There are seven-seater cars across a range of car classes, not just MPVs. You could get a seven-seat 4x4 if you wanted, or an estate. The choice is no bad thing, but it does mean some seven-seaters share the negative traits of those classes.

Adding two extra seats to a car can mean a loss of interior space. Is a car a true seven-seater if no adults can comfortably use the rear seats? You don’t have to compromise on space, and our new and used car reviews show you which models to avoid if you want all seven seats to be suitable for adults.

If you’re more attracted to estates than tall MPVs, then you need to consider boot space. Adding two more seats will eat into how much room you have in the back. 

It’s not just estates that have this problem - our testing has found MPV-style seven-seaters with barely any boot space unless you put the rear seats down. That’s no good if you’re going on a family holiday and you’re trying to squeeze seven people’s luggage into an inadequate boot.

Our tests found a 7-seater car with less boot space than a Ford Fiesta.

Our testing found a seven-seater car with just 235 litres of boot space - that’s less than a Ford Fiesta. But you don’t need to settle for a small boot, as we’ve found models with more than 1,000 litres of usable boot space.

4x4 models introduce their own problems. Choose the wrong model and you’ll be paying a fortune in fuel. Seven-seat SUVs are some of the biggest and heaviest models in the class - while no one expects them to be as frugal as a Prius, there is still a significant difference between the most and least-efficient models.

One seven-seater we tested managed a miserable 21.9mpg, while the top-performing model achieved 61.1mpg - an enormous difference of almost 40mpg.

Furthermore, our assessments have revealed a hugely popular premium model that's great to drive and loaded with tech, but is likely to leave you frustrated at the side of the road.

The large number of options across multiple classes makes our expert advice even more important. Our guides can help you choose between an estate, 4x4 or classic MPV-style seven-seater, and our in-depth testing shows you which models not to buy.

Seven-seat cars to avoid


This model caused quite the stir when it was launched in 2016. It's unique take on the seven-seat family car formula, great technology and relaxing driving experience have won it plenty of fans. However, owners are being left frustrated by its woeful reliability record, so we'd advise you proceed with caution.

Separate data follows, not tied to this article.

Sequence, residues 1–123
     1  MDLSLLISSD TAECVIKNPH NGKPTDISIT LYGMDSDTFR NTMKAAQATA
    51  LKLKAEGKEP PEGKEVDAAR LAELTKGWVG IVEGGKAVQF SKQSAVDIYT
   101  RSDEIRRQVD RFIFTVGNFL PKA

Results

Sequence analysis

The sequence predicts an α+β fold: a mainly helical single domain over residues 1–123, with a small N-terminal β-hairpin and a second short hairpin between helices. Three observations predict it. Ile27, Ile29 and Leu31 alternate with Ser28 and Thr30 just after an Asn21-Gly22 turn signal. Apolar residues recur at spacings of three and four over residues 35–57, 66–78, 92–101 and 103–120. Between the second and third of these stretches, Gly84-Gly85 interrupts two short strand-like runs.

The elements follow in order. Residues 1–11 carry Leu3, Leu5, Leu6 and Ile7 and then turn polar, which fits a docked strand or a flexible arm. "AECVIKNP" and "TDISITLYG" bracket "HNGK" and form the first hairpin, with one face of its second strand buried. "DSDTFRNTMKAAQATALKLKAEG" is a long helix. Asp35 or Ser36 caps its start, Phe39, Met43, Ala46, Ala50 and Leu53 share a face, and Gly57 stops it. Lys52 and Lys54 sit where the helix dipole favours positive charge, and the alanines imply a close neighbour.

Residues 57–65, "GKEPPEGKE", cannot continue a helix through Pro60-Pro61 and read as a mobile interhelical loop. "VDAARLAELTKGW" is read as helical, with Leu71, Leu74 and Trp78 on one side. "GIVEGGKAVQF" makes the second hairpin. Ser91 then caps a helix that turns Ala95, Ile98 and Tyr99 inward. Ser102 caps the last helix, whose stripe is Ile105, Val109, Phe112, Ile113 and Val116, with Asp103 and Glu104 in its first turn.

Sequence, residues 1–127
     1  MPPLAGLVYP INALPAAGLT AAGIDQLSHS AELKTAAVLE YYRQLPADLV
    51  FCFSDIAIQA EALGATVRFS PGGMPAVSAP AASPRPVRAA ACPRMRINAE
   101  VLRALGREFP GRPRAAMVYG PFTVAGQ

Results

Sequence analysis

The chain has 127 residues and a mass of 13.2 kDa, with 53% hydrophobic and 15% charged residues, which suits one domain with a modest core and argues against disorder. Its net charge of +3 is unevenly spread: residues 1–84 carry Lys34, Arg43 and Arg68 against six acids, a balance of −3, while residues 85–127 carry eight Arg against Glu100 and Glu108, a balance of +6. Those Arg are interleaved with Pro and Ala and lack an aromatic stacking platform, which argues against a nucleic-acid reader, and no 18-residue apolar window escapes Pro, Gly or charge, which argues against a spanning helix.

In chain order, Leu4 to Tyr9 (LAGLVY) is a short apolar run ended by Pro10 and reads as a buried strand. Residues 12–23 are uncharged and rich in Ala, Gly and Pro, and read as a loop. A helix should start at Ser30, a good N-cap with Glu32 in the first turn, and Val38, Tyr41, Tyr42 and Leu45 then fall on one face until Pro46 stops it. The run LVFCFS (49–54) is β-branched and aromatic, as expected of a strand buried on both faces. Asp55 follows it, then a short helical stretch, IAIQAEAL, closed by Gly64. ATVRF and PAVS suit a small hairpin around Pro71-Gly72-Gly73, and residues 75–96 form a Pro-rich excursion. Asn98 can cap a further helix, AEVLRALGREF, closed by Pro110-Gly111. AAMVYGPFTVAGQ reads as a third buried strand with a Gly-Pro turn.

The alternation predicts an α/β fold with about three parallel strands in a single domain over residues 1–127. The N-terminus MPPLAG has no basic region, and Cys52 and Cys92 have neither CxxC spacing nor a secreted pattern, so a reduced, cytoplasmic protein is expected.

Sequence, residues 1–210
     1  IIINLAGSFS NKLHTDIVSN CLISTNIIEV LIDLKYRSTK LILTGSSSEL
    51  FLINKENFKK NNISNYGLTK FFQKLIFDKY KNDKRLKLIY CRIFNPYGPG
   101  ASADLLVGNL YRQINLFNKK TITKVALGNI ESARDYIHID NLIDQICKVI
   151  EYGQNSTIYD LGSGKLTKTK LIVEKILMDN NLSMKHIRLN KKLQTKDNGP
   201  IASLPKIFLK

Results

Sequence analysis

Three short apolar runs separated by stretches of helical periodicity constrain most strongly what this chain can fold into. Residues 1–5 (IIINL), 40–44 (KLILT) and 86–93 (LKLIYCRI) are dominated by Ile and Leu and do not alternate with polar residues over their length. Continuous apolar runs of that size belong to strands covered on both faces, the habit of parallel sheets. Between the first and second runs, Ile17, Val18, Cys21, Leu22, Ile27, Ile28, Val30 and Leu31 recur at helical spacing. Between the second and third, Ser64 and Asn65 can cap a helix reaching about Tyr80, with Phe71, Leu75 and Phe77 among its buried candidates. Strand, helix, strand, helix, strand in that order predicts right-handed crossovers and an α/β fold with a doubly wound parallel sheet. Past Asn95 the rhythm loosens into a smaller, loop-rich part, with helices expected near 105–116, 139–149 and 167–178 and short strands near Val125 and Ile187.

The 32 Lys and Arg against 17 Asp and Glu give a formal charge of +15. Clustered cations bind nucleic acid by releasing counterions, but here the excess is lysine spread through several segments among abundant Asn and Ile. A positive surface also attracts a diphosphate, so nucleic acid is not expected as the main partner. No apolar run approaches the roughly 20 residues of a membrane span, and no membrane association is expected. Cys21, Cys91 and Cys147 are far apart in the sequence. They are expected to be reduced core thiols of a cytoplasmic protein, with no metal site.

This model was an impressive MPV when launched. Not only was it as spacious and practical as you'd expect from a seven-seat MPV, it also offered an engaging driving experience, which few rivals could match. However, as safety tests have become more stringent, this model has started to show it’s age. A poor safety rating means we now can’t recommend it.


It's certainly a lot better than the old model, with much improved build quality and more accomplished driving dynamics, but it’s still a Which? Don’t Buy as its crash test performance leaves a lot to be desired.


This SUV is more upmarket than the model it replaces. It gives buyers a classier experience, while staying true to the brand's roots of properly go-anywhere off-roaders. That focus means it isn't the most agile or car-like SUV to drive, and rivals offer a more convincing blend of luxury and technology. It also hasn't stepped out the shadow of the brand’s renowned reliability problems, and has proved to be a big headache for buyers. So it's a Which? Don't Buy.

We test cars more thoroughly than anyone else

Our tests go further than those carried out by other organisations, and because Which? is independent and doesn't accept advertising or freebies, you can trust our reviews to give you the full, honest and impartial truth about every car we test.

Every car we review is subjected to more than 100 individual tests in a lab, on a test track, and on real roads – and we really clock up the miles, driving around 500 miles in every car we test.

Testing in controlled lab conditions means the results we collect are directly comparable between different cars, helping us determine exactly which models are better and why, and helping you find the perfect car.

And so you know which cars are likely to prove reliable for years to come, we also gather feedback from thousands of UK car owners through the Which? Car Survey, using it to generate detailed reliability ratings for the cars we test.